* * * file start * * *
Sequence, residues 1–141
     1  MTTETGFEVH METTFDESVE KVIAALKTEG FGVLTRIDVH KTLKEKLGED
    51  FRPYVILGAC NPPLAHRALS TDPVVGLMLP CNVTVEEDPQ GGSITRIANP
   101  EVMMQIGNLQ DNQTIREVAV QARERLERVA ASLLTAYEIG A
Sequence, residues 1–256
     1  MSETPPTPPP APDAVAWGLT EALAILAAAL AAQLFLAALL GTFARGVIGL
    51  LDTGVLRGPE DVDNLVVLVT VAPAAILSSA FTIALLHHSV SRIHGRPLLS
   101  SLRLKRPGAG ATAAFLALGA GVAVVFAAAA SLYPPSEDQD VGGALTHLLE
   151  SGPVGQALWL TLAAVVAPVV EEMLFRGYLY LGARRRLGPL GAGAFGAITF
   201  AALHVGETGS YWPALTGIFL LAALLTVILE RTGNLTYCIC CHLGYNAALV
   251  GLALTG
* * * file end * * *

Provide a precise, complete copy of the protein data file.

Sequence, residues 1–141
     1  MTTETGFEVH METTFDESVE KVIAALKTEG FGVLTRIDVH KTLKEKLGED
    51  FRPYVILGAC NPPLAHRALS TDPVVGLMLP CNVTVEEDPQ GGSITRIANP
   101  EVMMQIGNLQ DNQTIREVAV QARERLERVA ASLLTAYEIG A
Sequence, residues 1–256
     1  MSETPPTPPP APDAVAWGLT EALAILAAAL AAQLFLAALL GTFARGVIGL
    51  LDTGVLRGPE DVDNLVVLVT VAPAAILSSA FTIALLHHSV SRIHGRPLLS
   101  SLRLKRPGAG ATAAFLALGA GVAVVFAAAA SLYPPSEDQD VGGALTHLLE
   151  SGPVGQALWL TLAAVVAPVV EEMLFRGYLY LGARRRLGPL GAGAFGAITF
   201  AALHVGETGS YWPALTGIFL LAALLTVILE RTGNLTYCIC CHLGYNAALV
   251  GLALTG